Background

Since 2010, the State Council has issued a series of policy documents promoting development of the healthcare industry by encouraging the inflow of social capital. As a result, non-public medical institutions have grown rapidly and their level of service has gradually improved. In general, however, the scale of non-public medical institutions is still small and the services they provide are still relatively low. Many difficulties and problems still exist: the potential of non-public medical institutions is limited; the threshold for entry into the industry is high; non-public medical institutions experience brain drain; and the regulatory mechanisms that regulate such institutions needs to be refined. 

In order to solve these issues, the General Office of the State Council issued the Measures on Promoting the Growth of Non-public Medical Institutions (Guo Ban Fa [2015] No. 45)(hereinafter referred to as the “Measures”) on June 15, 2015. The intent of the Measures is to eliminate systematic obstacles and political constraints hindering the development of non-public medical institutions.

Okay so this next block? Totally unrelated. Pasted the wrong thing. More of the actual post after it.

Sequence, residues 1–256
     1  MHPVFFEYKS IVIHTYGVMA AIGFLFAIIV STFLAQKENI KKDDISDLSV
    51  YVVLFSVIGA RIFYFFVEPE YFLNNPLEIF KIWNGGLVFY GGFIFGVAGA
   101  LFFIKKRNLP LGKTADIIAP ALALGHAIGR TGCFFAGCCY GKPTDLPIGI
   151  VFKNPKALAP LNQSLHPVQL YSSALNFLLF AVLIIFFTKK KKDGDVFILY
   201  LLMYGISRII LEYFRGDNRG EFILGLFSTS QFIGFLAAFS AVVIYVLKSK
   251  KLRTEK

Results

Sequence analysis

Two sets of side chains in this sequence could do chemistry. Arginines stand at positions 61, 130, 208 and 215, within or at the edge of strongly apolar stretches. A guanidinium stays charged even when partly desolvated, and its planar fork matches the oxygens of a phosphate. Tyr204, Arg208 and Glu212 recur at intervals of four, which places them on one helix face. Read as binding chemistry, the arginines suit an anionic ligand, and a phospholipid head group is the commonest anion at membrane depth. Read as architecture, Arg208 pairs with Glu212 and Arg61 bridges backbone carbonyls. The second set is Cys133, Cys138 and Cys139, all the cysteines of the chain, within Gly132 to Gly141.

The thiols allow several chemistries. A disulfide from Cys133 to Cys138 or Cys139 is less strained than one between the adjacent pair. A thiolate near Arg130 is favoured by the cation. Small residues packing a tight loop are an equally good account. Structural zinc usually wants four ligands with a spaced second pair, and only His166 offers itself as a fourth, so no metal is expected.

Four Major Aspects of the Content

The Measures do not merely repeat the general requirements, development goals, and basic principles of non-public medical institutions. Instead, it puts forth detailed policies which target the practical issues facing the industry through four methods: relaxing the entry barrier; expanding the investment and financing channels; promoting resource flow and sharing; and optimizing the environment for development. It also encourages the localities to explore their own developments in accordance with their needs.

Relaxing the Entry Barriers